Din­ner with TV may be a recipe for less healthy meals

Kuwait Times - - HEALTH & SCIENCE -

NEW YORK: Fam­i­lies that eat din­ner with the TV on tend to eat less healthy food and to en­joy the meals less than fam­i­lies who leave the TV off, ac­cord­ing to a re­cent US study. This was true even for fam­i­lies that were not pay­ing at­ten­tion to the TV and only had it on as back­ground noise, the re­searchers write in the jour­nal Ap­petite. “Fam­ily meals are pro­tec­tive for many as­pects of child health,” lead au­thor Amanda Trofholz said by email, ad­ding that par­ents can take this time to check in with chil­dren and teach them about set­ting lim­its on their di­ets. “Hav­ing the TV on dur­ing the fam­ily meal may re­duce the op­por­tu­nity for this con­nec­tion be­tween fam­ily mem­bers and blunt the pro­tec­tive ef­fects of the meal,” said Trofholz, a re­searcher at the Univer­sity of Min­nesota, Min­neapo­lis.

To ex­plore the link be­tween TV watch­ing dur­ing meals and risk fac­tors for child­hood obe­sity, the study team an­a­lyzed video record­ings of 120 fam­i­lies that in­cluded a child aged 6 to 12. The fam­i­lies were re­cruited from pri­mary care clin­ics in Min­neapo­lis be­tween 2012 and 2013 and were mostly from low-in­come and mi­nor­ity groups. The fam­i­lies recorded two of their fam­ily meals us­ing an iPad and re­ported to the re­search team what they had eaten and how much they had en­joyed it. The study team as­sessed the health of the meals them­selves, whether a TV was be­ing used and the emo­tional at­mos­phere of the meal. Only one third of the fam­i­lies left the TV off dur­ing both recorded meals. About a quar­ter had the TV on for only one meal and 43 per­cent left the TV on dur­ing both meals.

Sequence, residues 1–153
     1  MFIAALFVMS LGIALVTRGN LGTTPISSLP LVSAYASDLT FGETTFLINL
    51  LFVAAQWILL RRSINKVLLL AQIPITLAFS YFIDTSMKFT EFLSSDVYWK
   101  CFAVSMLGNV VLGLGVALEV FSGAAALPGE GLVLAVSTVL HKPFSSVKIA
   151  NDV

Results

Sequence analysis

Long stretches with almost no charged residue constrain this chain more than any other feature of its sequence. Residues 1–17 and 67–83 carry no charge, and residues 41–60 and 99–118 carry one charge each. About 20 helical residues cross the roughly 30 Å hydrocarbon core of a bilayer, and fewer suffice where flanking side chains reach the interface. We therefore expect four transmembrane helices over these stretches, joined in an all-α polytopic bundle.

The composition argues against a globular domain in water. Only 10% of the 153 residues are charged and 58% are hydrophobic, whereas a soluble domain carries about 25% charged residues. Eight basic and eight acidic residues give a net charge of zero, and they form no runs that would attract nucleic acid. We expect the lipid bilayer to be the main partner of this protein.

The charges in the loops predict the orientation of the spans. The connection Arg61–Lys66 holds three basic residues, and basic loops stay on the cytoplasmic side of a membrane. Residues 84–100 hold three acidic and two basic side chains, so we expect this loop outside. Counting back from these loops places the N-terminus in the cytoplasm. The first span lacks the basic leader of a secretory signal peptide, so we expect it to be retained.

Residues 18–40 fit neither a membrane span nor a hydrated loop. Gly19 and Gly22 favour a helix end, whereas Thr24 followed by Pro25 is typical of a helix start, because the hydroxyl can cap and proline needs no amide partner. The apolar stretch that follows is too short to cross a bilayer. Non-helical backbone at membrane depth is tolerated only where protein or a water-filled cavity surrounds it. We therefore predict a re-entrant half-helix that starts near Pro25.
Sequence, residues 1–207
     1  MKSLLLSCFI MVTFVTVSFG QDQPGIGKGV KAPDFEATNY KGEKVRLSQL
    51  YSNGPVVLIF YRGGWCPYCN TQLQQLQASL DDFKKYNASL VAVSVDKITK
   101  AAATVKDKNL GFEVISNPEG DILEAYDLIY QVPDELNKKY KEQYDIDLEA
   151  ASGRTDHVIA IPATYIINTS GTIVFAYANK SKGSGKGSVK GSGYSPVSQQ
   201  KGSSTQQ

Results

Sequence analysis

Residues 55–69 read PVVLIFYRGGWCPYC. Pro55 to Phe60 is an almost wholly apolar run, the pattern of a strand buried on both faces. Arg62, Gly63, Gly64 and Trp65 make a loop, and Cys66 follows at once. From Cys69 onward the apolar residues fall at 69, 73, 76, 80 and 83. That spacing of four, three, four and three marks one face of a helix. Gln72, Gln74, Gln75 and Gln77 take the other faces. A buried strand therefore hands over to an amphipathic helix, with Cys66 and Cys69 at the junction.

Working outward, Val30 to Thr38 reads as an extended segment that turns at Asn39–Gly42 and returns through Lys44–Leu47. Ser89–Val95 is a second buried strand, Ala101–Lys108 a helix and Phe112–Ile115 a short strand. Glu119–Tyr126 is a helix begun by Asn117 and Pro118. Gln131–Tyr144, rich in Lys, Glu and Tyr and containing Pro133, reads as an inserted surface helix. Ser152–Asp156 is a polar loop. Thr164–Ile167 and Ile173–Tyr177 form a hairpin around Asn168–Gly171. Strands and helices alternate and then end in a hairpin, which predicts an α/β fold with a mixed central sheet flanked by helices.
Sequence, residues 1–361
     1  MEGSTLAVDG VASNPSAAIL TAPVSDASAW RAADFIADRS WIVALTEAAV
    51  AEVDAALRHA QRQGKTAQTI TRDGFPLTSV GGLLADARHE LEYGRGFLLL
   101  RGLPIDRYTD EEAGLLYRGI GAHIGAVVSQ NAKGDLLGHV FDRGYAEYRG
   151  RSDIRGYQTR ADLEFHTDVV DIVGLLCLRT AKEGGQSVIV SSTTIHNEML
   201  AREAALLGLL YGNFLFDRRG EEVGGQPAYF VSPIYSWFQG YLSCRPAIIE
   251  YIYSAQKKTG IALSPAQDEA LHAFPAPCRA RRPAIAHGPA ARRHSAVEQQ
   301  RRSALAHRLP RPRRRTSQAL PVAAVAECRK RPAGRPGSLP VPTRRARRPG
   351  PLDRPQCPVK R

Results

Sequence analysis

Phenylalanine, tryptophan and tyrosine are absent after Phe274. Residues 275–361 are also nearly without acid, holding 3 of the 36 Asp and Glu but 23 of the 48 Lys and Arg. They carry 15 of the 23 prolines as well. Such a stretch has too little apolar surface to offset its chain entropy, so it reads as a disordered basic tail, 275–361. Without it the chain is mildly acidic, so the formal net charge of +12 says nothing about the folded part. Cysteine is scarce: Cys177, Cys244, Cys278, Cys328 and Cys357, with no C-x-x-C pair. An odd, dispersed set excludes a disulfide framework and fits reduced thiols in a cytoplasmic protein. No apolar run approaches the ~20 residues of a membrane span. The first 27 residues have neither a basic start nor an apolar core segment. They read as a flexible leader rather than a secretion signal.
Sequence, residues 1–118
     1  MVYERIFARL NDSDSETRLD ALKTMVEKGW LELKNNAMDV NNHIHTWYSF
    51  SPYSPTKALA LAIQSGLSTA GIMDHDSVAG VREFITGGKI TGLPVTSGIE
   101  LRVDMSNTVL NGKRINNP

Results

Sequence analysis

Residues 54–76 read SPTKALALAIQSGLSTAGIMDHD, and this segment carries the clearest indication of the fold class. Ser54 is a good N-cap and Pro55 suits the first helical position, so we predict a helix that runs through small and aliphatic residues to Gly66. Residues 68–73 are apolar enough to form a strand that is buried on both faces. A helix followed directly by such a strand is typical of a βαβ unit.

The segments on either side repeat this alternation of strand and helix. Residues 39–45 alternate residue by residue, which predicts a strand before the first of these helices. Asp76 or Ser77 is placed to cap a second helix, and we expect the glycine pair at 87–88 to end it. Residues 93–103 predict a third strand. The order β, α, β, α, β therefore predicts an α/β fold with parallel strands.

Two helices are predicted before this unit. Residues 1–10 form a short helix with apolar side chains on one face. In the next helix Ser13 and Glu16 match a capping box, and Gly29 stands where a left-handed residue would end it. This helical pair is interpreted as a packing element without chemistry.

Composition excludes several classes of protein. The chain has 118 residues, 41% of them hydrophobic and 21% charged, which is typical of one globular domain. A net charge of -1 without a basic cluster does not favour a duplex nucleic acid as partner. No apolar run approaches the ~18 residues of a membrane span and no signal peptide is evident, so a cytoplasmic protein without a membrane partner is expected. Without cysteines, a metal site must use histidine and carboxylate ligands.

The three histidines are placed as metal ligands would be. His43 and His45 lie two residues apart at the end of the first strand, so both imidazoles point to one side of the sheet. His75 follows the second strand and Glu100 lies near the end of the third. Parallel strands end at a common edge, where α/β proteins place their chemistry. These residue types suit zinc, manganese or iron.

Of the fam­i­lies eat­ing with the TV on, two thirds paid at­ten­tion to the TV while the other third only had it on in the back­ground. Fam­i­lies who ate with no TV play­ing or with the TV on dur­ing only one meal en­joyed their meals more than those that watched dur­ing both meals. This was true re­gard­less of whether fam­i­lies paid at­ten­tion to the TV. Fam­i­lies that didn’t watch TV dur­ing meals ate sig­nif­i­cantly health­ier food than the oth­ers. Fam­i­lies that had the TV on but did not pay at­ten­tion also ate more healthy food than fam­i­lies that ac­tively watched TV while eat­ing. Fam­i­lies eat­ing with the TV on also ate fast food for din­ner sig­nif­i­cantly more of­ten than those with TV-free meals. Chil­dren of TV-watch­ing fam­i­lies were not more likely to be over­weight or obese than chil­dren whose fam­i­lies did not watch TV dur­ing meals, how­ever.

“A non-dis­tracted meal en­vi­ron­ment, with­out the TV on, is an op­por­tu­nity for chil­dren to en­joy eat­ing, try novel foods and self-reg­u­late eat­ing when healthy op­tions are pro­vided,” said Eileen Fitz-Pa­trick, an as­sis­tant pro­fes­sor at The Sage Col­leges in Troy, New York. “Hav­ing the TV on dur­ing din­ner is a dis­trac­tion which may lead to ‘mind­less eat­ing’ in­clud­ing overeat­ing with­out re­al­iz­ing it,” Fitz-Pa­trick, who was not in­volved in the study, said by email. Fitz-Pa­trick added that ad­ver­tise­ments on TV mar­ket un­healthy foods to chil­dren and can shape what foods they pre­fer to eat for din­ner. Fam­i­lies should try to view the fam­ily meal as a fam­ily event rather than just a ne­ces­sity, Trofholz said. “Fam­i­lies who see the fam­ily meal as a time to con­nect with and en­joy their fam­i­lies may be more likely to turn off the TV, have a higher qual­ity meal, and en­joy the meal more.”

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